Automotive Systems

Formerly Automotive Systems I

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Internal Combustion Engine

In the internal combustion engine, combustion takes place inside the cylinder and is directly responsible for forcing the piston to move down. With an external combustion engine, such as a steam engine, combustion takes place outside the engine. The external combustion engine requires a boiler to which heat is applied. This combustion causes water to boil to produce steam. The steam passes into the cylinder under pressure and forces the piston to move downward.

The transformation of heat energy to mechanical energy by the engine is based on the fundamental law of physics which states that gas expands when heated. The law also states that when gas is compressed, the temperature of the gas increases. if the gas is confined with no outlet for expansion, then the pressure of the gas increases when heat is applied. In the internal combustion engine, the burning of fuel within an enclosed cylinder results in an expansion of gases. This expansion creates pressure on top of the piston, causing it to move downward. In an internal combustion engine, the piston moves up and down within the cylinder. The relationship between volume, pressure, and temperature within a cylinder of the engine is explained in the chart below and shown in Figure 2-2. Note the changes within the cylinder while the temperature outside remains a constant 70F.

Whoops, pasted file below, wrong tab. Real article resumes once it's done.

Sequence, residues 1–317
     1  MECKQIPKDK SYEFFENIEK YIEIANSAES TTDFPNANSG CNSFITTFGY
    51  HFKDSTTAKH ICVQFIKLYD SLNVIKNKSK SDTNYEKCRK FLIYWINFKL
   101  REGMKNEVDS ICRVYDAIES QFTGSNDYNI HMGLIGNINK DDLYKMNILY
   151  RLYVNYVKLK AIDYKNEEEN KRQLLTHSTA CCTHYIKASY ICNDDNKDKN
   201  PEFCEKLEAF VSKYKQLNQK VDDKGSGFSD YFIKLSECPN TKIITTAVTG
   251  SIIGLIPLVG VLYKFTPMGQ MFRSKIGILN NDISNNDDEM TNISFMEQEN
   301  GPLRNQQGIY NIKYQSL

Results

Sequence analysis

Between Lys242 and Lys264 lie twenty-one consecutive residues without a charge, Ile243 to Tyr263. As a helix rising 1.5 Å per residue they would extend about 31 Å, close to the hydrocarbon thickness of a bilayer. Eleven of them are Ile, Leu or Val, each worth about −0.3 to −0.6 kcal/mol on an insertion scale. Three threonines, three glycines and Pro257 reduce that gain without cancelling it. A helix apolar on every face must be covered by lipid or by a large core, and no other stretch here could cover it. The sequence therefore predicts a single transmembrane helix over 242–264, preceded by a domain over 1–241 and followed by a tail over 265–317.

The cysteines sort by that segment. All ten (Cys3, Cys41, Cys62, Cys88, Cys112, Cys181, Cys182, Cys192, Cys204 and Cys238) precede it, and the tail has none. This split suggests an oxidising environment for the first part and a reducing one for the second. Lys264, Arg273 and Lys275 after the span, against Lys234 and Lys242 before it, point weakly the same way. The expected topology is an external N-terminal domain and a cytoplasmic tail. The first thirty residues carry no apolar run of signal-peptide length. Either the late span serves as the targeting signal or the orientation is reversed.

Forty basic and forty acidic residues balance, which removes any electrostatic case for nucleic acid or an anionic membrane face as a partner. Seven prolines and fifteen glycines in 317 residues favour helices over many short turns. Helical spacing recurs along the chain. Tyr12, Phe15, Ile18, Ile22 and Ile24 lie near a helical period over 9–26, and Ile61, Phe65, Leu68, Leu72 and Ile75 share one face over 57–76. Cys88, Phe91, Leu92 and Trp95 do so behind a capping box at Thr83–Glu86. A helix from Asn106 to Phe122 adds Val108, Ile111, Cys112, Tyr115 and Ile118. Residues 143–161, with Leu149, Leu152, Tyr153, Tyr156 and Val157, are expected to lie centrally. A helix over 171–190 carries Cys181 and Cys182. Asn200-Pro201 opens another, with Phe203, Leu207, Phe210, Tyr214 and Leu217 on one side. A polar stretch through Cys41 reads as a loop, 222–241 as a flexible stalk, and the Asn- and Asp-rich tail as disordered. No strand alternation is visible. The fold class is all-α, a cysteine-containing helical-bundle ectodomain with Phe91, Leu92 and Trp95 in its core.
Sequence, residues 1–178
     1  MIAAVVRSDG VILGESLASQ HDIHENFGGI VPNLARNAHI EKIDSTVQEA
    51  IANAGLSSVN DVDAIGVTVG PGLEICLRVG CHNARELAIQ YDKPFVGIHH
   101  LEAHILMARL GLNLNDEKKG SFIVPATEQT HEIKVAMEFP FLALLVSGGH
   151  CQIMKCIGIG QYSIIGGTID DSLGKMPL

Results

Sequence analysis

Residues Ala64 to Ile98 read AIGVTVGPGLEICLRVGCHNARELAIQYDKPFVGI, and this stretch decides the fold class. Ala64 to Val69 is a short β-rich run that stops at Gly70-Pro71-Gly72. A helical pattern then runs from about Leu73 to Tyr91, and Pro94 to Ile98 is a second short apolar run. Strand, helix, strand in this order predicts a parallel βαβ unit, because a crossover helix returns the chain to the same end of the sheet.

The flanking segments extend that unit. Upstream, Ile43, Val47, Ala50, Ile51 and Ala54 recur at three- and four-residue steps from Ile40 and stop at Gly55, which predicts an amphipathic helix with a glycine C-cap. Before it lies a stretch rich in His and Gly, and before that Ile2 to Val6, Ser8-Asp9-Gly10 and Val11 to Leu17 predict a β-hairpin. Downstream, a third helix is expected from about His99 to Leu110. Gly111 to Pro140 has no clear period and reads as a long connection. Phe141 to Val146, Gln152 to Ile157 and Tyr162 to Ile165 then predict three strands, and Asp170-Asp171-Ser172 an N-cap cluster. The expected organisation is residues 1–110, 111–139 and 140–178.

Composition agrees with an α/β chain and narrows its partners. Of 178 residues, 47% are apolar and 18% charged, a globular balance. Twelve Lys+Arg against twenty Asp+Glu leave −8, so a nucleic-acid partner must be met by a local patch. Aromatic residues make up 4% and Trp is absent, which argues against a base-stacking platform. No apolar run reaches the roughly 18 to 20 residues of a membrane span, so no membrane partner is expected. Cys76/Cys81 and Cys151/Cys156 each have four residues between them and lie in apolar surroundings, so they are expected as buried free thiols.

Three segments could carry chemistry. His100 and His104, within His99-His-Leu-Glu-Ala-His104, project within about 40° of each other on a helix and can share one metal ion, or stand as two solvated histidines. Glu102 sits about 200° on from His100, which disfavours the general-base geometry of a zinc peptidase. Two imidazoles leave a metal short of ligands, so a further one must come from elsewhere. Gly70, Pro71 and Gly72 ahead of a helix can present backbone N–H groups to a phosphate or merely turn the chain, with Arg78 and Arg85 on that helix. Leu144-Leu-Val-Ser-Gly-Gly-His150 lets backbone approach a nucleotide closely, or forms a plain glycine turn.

This up-and-down motion is known as reciprocating motion. This motion (straight-line motion) mustbe changed into rotary motion (turning motion) to turn the wheels of a vehicle. A crankshaft and a connecting rod change their reciprocating motion to rotary motion.

All internal combustion engines, whether gasoline or diesel, are basically the same. We can best demonstrate this by saying they all rely on three things—fuel, air, and ignition.

Fuel contains potential energy for operating the engine; air contains the oxygen necessary for combustion; and ignition starts combustion. Each one is fundamental, and an engine cannot operate without them. Any discussion of engines must be based on these three factors and the steps and mechanisms involved in delivering them to the combustion chamber at the proper time.

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Published by SweetHaven Publishing Services
Based upon a text provided by the U.S. Navy

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